anju1(Cincinnati) June 5, 2015 – The Cincinnati Zoo has partnered with the local healthcare experts at The Christ Hospital to help monitor the pregnancy of Anju, a 14-year-old Western Lowland gorilla.

A Diagnostic Medical Sonographer from The Christ Hospital was able to confirm Anju’s pregnancy through an ultrasound in early May. Mary Ann Waymire, R.D.M.S, R.V.T., who is volunteering her time, will continue to visit Anju every other week to conduct sonograms. Waymire will monitor the growth of the baby by taking measurements from the sonograms.

“We are attempting to take the measurements of the gorilla baby just as we would do measurements on a human baby,” said Waymire. “The process includes measuring head size, abdominal circumference, and femur lengths. We’re also monitoring fetal movement, fluid and heart rate.”

Waymire has previous experience working with animals at the Cincinnati Zoo. In 1995, she helped monitor the pregnancy of Rosie, the zoo’s first artificially inseminated gorilla. She also oversaw the pregnancy of a walrus.

Anju has been trained to voluntarily receive medical treatments, including sonograms. Anju sits comfortably while Waymire and a keeper work together to scan for images. Anju is rewarded with grapes throughout the non-invasive procedure. Vet staff at the Cincinnati Zoo is predicting the gorilla baby to arrive around Labor Day.

The Cincinnati Zoo reached out to the imaging team at The Christ Hospital Health Network for help in developing its Fetal Great Ape Ultrasound Monitoring Program, a database that will eventually provide the Gorilla Species Survival Program (SSP) with information useful for making breeding recommendations.

“The Veterinary Department at the Cincinnati Zoo has had a great working relationship with several doctors at The Christ Hospital over the years,” said Cincinnati Zoo Veterinary Director Mark Campbell, DVM. “Tom Keriakes, MD, helped us with a female gorilla with a facial and nasal mass. The Christ Hospital’s team of  cardiologist Wojciech Mazur, M.D., and Jennifer Schaaf, B.S, R.D.C.S., echo lab technical director, were also a tremendous asset in the development of our cardiac ultrasound program in our great apes.”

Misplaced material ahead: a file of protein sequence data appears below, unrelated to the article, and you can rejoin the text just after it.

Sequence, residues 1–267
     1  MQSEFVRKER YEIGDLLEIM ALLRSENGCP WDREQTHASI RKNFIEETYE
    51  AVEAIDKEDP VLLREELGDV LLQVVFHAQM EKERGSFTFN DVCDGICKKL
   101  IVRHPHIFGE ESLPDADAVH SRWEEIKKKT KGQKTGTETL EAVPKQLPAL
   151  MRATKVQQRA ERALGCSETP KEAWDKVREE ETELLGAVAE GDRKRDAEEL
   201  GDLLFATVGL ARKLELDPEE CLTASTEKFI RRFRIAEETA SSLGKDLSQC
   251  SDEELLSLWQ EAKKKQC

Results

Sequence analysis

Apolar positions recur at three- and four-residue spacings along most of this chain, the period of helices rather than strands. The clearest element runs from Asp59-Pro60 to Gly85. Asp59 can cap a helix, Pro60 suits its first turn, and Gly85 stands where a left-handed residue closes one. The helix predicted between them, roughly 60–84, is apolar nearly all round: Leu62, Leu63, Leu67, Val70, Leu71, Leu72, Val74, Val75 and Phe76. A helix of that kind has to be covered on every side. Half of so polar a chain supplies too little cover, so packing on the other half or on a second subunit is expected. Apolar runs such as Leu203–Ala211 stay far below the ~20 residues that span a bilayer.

There are about 765 gorillas in zoos worldwide including approximately 360 in the Association of Zoos & Aquariums (AZA) Species Survival Program (SSP) for this species. Western lowland gorillas are critically endangered in the wild, with less than 175,000 individuals. Due primarily to habitat destruction caused by logging, mineral mining and agricultural expansion, wild gorilla numbers continue to shrink.  The bushmeat trade – the killing of wild animals to be used as human food – is also a major threat to the western lowland gorilla population throughout the Central African rainforests.  Over 1,000 gorillas are illegally poached for the bushmeat trade each year. The Cincinnati Zoo supports wild gorilla conservation efforts like the Mbeli Bai Study in Nouabalé-Ndoki National Park in the Republic of Congo.  The Mbeli Bai Study is the longest running research being done with wild western lowland gorillas.  Through research, local education programs, publications and documentaries, the Mbeli Bai Study is raising international awareness for gorillas and their struggle for survival. For more information, visit www.cincinnatizoo.org.